Oddly enough, if her style of fusing rock and poetry puts Patti in the big time, she will fill a unique space in rock's male-dominated spectrum of images -- the urban street punk. An American icon popularized in the Dead End Kids movies of the Thirties, the punk image -- has traveled through the style of James Dean and Elvis Presley up to Mick Jagger and Springsteen, providing four generations of adolescent males with lessons in street macho. Now, folks, for something completely different -- the punk as a girl.
Onstage, at 100 pounds, with all the hulking mass of a UNICEF poster child, Patti jabs and swings and slams home a song like a contender for the flyweight crown. Her stage presence is glaring and "cool," one of her favorite Fifties words. Her patter is top-of-the-head scat ("Did you know Sonja Henie died in a plane crash?"), sometimes foxy ("Friends of mine like Perry Como like to stop by and catch my act, but Perry couldn't be here tonight cuz he's in Las Vegas"), often deadpan heavy ("I'll put John Lennon over Walt Whitman any day").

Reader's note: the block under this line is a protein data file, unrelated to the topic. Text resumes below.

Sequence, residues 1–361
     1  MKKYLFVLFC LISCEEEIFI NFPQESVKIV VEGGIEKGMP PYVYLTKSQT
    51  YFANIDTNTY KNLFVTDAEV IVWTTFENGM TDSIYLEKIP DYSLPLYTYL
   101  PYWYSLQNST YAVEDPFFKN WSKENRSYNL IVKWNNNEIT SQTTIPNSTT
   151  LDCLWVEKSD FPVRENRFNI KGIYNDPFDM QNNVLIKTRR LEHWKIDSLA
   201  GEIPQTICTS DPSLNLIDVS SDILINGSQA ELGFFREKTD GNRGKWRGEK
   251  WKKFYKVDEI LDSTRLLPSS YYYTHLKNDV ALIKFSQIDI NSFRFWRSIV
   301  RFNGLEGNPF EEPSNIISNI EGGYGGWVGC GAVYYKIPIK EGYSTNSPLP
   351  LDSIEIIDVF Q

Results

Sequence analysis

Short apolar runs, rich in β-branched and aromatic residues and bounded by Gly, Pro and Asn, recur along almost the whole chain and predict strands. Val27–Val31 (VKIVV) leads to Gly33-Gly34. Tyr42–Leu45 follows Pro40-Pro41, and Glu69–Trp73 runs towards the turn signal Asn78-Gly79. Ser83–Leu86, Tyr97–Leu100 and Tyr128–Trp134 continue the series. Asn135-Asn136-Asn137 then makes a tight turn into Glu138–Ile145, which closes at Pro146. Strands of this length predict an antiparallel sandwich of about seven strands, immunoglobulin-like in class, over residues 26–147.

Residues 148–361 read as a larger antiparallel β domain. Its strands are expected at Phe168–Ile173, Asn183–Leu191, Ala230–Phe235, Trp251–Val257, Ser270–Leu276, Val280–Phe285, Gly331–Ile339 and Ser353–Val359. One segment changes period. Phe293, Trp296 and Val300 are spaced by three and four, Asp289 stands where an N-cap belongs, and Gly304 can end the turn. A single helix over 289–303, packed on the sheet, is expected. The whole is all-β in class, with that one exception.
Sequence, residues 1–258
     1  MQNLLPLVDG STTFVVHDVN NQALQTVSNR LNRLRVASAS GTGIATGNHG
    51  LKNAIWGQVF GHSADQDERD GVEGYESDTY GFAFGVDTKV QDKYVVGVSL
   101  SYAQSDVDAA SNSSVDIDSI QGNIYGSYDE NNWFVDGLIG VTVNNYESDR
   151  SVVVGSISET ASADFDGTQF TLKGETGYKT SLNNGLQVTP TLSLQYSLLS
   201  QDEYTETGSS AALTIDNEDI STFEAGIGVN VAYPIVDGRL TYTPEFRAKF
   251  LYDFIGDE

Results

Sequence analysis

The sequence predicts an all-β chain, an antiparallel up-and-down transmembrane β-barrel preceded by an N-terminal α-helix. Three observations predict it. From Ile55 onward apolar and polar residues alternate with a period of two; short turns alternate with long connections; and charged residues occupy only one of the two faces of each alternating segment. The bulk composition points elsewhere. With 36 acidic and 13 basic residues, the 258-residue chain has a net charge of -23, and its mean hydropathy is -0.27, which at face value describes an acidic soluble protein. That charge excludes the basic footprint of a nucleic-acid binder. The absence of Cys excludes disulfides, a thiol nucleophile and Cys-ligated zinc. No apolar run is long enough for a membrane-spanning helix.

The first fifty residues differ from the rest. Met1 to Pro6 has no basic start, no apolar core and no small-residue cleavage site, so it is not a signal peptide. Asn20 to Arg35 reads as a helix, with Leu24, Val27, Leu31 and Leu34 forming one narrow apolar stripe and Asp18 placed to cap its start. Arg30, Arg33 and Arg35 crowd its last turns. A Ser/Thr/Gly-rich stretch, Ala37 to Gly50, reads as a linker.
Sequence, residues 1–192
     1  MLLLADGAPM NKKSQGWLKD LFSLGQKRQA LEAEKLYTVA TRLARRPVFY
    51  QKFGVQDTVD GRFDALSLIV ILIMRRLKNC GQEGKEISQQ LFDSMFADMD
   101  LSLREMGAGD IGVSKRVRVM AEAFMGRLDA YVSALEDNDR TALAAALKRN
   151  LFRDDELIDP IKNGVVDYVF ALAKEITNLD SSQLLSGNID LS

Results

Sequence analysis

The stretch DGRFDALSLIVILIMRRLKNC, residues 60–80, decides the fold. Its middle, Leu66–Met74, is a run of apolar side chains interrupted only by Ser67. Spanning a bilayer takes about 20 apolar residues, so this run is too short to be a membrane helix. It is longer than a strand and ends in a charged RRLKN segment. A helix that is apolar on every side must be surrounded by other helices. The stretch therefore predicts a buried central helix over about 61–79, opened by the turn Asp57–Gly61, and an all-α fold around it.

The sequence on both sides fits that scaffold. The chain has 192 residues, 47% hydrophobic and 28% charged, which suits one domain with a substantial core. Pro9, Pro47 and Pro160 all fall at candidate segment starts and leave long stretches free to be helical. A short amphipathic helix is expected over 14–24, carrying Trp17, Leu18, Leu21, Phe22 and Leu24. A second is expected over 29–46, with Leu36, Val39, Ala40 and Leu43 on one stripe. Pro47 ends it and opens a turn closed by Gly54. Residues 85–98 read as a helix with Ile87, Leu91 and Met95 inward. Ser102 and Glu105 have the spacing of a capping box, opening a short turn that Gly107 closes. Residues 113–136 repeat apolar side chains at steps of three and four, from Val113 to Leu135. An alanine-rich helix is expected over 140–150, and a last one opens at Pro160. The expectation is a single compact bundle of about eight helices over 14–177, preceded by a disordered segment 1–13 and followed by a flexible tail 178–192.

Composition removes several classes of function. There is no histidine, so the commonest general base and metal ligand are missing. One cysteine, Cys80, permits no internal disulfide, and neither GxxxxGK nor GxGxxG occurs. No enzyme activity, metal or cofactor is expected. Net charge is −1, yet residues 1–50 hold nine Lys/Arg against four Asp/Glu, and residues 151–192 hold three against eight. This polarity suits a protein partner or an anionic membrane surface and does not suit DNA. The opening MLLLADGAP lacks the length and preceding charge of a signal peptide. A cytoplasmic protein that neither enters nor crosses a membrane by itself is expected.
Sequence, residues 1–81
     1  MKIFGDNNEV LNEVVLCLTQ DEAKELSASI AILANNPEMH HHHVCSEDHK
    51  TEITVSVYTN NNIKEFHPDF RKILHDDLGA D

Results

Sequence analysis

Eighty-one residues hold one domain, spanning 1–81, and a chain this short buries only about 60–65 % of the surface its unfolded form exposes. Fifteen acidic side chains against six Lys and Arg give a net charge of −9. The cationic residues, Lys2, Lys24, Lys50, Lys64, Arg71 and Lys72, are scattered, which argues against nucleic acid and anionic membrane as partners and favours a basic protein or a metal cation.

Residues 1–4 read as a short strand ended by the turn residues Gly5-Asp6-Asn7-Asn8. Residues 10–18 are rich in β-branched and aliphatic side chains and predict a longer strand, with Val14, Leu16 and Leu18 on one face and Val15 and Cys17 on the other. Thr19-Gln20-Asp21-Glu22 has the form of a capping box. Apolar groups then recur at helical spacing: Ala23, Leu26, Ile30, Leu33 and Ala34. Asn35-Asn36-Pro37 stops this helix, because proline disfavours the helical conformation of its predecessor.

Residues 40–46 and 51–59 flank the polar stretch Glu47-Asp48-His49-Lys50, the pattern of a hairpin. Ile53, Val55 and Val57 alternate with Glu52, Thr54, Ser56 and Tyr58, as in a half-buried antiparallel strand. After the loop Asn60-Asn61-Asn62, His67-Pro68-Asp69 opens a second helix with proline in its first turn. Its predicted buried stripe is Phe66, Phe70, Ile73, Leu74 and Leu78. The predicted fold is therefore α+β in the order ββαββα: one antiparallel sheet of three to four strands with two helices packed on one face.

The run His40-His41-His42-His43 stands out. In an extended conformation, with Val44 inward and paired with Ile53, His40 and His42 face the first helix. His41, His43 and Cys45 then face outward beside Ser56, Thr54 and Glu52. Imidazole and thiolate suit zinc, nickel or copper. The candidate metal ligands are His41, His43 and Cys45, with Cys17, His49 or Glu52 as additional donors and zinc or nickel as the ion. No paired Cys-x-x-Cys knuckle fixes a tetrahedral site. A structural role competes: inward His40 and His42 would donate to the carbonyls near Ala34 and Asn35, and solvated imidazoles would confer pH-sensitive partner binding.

If a bit of Dylan mystery dust has rubbed on her coat, it may have to do with her dangerous intensity. Will she burn out? an audience wonders. And could this aging adolescent ever learn to cope with menopause and denture breath? At the very same time, it is her overreaching and her skinny frame that help audiences accept her omnisexual swagger (the same goes for Jagger and David Bowie). Her alley cat ballsiness comes off vulnerable, non-threatening even slightly comic, which is a reflection of the age-old theatrical tradition she is breaking through. Before now, toughtalking female entertainers who were not pretty had to relate to audiences by playing their difference for laughs -- comediennes like Cass Daley, Martha Raye and Nancy Walker. But Patti's music and ad-libbing makes audiences jive and grin and slap their knees, charmed by the lack of defensiveness, becoming themselves her defenders. It's the stuff that cults are made of.
Her punkiness may be the thing that most grabs the mass imagination, at least in big cities, and especially because it's not a put-on or some kind of political statement. It is simply Patti in harmony with herself, the way she is.
She's not a light-my-cigarette feminist like Helen Reddy or a pretend girl gang leader like Suzy Quatro: "I don't give a shit about women," she says, "or the role of women or 'The Year of the Woman.' As far as I'm concerned, being any gender is a drag." On her suggestion, Arista's promotion describes her as "beyond gender," but a close friend of hers insists, "Some of that is crap. Y'know, secretly she loves Bergdorf Goodman and little lace panties."